The prophet Hosea was the Divinely inspired penman of the first of the twelve Books in the Word of God which bear the name of the Minor Prophets. They are not “minor” because the writings of those holy men were less inspired or less important than the others which we have just finished studying (Isaiah, Jeremiah, Ezekiel, and Daniel); but rather, because of their smallness in size.
Hosea’s ministry was particularly among the people of the Northern Kingdom of Israel, during the reign of King Jeroboam II. This was about 800 years before the coming of the Lord Jesus. The name Hosea is a variant of the name Joshua, and signifies “a savior.” And the chief theme of Hosea’s messages seems to be directed toward preparing the minds of his hearers to be on the lookout for their coming Savior and Messiah. Acting under the inspiration of the Holy Spirit, the prophet reproved his countrymen for their sins; and at the same time, he directed their minds to Him Who came to take away sin forever, by the sacrifice of Himself!
This was one of the darkest periods in all of Israel’s history. Outwardly, the state of the Northern Kingdom was thriving and prospering; but spiritually, things looked bleak indeed. And now the Lord commissioned His prophet to speak to this nation, as it passed down the swift decline to captivity. The Book begins with a narrative of tragedy in the prophet’s home-life, which colored all his messages that he preached to his people. The Lord commanded the prophet to go and marry an impure wife of bad reputation. And he did so. Gomer, the daughter of Diblaim, was not one who had been married and then committed adultery; for then the law of Moses would have ordained that she must have been put to death. Rather, she was one who had lived shamefully in her single years. Such a person was not only evil, but she was also an affliction to the righteous prophet. Nevertheless, Hosea committed no sin in this unique case, for God specifically commanded him to do this. Why? Because herein, his home-life was to be a picture and a living sermon to his countrymen, illustrating how they had shamefully departed from the Lord – just like Hosea’s unfaithful wife. But their idolatry was the particular manifestation of the general impurity of their backslidden spiritual life. And that is the sin with which they are here charged. Giving that glory to any other creature which is due to God alone – that is as much an injury and affront to God as for a wife to embrace another man besides her husband. Idolatry is even worse when it is found in those who have made a profession of religion, and who have been taken into covenant with Jehovah. It is like breaking our marriage-bond with the Lord! It is a heinous, odious sin – worse than any other. It is departing from the Lord, to Whom we lie under greater obligations than any wife does to her husband.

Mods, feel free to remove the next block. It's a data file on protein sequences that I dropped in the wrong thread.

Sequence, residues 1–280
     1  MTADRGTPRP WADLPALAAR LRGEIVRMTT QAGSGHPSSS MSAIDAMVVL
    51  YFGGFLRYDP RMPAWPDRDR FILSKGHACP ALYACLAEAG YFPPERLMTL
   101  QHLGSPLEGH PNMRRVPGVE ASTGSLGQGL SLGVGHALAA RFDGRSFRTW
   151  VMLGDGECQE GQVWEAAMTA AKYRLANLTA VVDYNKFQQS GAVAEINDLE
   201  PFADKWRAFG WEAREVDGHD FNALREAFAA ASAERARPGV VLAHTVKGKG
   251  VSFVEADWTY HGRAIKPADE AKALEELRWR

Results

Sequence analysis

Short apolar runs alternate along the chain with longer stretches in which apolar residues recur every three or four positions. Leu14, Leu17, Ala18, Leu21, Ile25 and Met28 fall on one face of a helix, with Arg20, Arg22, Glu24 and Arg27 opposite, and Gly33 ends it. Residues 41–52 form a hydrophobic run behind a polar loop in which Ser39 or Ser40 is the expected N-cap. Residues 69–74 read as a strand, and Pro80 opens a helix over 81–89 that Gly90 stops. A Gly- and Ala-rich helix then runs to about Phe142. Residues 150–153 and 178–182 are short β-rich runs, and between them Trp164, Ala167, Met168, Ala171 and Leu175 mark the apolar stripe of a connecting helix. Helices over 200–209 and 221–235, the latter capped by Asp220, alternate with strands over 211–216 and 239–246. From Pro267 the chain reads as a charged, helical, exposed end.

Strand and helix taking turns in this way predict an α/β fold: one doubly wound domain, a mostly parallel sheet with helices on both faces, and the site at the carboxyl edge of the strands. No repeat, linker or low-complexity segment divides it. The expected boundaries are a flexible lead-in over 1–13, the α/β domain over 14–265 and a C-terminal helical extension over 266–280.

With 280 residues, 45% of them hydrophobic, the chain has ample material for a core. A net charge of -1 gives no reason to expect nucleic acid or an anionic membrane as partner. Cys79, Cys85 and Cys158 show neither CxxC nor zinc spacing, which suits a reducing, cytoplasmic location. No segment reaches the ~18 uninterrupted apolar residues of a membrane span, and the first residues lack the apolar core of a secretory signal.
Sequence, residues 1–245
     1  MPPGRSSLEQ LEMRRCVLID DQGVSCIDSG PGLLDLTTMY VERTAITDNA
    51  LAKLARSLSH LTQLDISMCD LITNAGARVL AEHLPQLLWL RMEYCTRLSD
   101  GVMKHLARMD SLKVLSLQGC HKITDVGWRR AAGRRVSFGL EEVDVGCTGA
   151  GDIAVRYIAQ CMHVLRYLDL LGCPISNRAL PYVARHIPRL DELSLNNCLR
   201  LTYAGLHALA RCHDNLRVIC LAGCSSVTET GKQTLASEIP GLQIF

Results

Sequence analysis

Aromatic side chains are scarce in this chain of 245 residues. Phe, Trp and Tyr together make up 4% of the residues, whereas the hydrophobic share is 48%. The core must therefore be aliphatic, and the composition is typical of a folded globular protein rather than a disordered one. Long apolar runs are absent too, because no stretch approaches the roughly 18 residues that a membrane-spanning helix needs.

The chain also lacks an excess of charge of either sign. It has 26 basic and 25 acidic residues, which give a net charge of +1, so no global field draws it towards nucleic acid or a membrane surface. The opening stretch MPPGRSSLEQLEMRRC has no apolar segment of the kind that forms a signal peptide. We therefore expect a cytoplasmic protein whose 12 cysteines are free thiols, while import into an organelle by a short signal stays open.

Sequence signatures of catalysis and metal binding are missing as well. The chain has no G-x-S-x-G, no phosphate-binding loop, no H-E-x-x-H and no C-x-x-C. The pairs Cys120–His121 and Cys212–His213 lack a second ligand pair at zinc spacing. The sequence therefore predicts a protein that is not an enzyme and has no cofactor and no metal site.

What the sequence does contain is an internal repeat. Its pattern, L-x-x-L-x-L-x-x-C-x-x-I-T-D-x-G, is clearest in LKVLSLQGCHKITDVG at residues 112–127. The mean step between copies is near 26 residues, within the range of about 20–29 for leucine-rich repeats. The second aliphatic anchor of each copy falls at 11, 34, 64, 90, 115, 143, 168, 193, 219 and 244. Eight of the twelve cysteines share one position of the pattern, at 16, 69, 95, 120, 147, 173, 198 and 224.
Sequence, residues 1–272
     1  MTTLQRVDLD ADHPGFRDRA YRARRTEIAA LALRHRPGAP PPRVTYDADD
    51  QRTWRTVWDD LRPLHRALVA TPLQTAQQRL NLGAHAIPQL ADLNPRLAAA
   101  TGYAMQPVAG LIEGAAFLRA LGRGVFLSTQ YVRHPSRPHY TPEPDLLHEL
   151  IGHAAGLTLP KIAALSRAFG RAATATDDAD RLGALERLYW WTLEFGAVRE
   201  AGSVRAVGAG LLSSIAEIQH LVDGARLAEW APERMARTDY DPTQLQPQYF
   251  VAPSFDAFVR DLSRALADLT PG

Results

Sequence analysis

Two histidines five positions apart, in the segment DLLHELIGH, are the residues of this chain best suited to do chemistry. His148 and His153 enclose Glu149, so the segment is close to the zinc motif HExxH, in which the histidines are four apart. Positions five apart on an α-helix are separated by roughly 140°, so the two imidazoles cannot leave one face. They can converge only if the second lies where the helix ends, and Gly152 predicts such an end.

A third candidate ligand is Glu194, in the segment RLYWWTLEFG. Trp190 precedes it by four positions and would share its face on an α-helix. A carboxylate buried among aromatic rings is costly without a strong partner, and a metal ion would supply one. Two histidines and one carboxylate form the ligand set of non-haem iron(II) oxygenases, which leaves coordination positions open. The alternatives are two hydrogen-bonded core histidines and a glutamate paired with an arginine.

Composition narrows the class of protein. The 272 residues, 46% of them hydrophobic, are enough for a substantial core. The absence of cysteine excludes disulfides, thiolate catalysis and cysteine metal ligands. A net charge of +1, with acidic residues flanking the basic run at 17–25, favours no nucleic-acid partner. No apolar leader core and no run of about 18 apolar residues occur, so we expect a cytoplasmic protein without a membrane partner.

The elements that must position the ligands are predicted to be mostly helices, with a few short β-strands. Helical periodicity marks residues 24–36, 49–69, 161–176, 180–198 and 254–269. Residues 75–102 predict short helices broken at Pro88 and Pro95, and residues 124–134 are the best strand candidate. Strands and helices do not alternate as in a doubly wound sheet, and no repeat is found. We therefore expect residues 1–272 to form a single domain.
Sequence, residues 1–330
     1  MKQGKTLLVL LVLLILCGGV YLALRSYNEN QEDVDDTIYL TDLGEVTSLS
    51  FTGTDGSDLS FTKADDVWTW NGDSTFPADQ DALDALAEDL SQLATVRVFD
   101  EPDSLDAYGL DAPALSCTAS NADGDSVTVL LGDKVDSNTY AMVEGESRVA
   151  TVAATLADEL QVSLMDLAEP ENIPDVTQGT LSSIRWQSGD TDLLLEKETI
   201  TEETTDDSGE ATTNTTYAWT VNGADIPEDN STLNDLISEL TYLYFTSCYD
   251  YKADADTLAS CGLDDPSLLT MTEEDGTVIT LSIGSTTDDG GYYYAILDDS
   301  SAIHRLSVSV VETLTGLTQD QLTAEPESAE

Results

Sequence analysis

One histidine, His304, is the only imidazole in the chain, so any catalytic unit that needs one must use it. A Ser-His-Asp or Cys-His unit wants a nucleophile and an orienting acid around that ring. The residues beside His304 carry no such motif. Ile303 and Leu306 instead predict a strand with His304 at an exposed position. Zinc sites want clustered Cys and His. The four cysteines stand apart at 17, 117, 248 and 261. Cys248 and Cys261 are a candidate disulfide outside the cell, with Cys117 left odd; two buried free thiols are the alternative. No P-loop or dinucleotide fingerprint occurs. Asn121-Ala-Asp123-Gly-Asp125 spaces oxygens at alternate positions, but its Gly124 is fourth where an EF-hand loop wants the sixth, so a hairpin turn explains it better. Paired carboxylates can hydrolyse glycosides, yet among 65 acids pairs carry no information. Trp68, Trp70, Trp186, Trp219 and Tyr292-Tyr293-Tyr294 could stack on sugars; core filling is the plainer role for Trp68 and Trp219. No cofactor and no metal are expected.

So Israel, in Hosea’s time, was playing the part of an unfaithful wife; and as Hosea’s children were born, their names reflected the times into which they were brought. In the names that he gave to his children, the prophet was to show the ruin of his people. He foretold the fall of the royal family in the name of his first child, Jezreel – which signifies “dispersion.” Jezreel was the name of one of the royal seats of the kings of Israel, but the Lord was about to avenge the blood of Jezreel upon the house of King Jehu – from whom the current king, Jeroboam II, had descended. In the name of Hosea’s second child – Lo-ruhamah, meaning “not beloved,” or “not having obtained mercy” – the prophet foretells God’s abandoning of the nation as a whole. God had showed great mercy upon Israel, but they had abused His favors. And so the rejection of Israel, for a time, was signified by the name of another child: Lo-ammi – that is, “not my people.” The Lord here disowns all relationship to them. We love Him, because He first loved us; but if any are cast out of His Covenant, it is all their own fault. The meaning of the name of this third child was literally fulfilled in Israel, when they were utterly taken away as captives into the land of Assyria. But despite all of this, mercy is remembered in the midst of wrath. The rejection was not final. The same hand that wounded also stretched itself forth to heal. Very precious promises are given in verses 10 and 11 concerning the Israel of God, and they are still of use to us now. These promises had their accomplishment in the return of the Jews out of their captivity in Babylon – when a small remnant of the ten northern tribes joined themselves with Judah, and took the benefit of the liberty which Cyrus had proclaimed.
The result of this tragic state of affairs in Hosea’s personal life was that he came to understand the heart of God, and how much He was grieved when His people sinned. Hosea has been described as “the prophet of the broken heart.” The pain and agony of the man’s heart is everywhere apparent; but to him, it became an interpretation of the agony of the heart of God. In his own experience, he discovered what unfaithfulness feels like to a loving heart. The unfaithfulness of Gomer showed Hosea the unfaithfulness of Israel. And so he came to understand the sin of the nation as he could never have understood it, apart from the experience of his own agony.
Lord, we ascribe songs of praise and adoration to Your sovereign and Almighty grace; for even when we were so decidedly ungodly that Your Word most truly said to our conscience and heart, “Ye are not my people!” – yet You have now brought us near to Yourself, and made us Your own sons and daughters! Amen.
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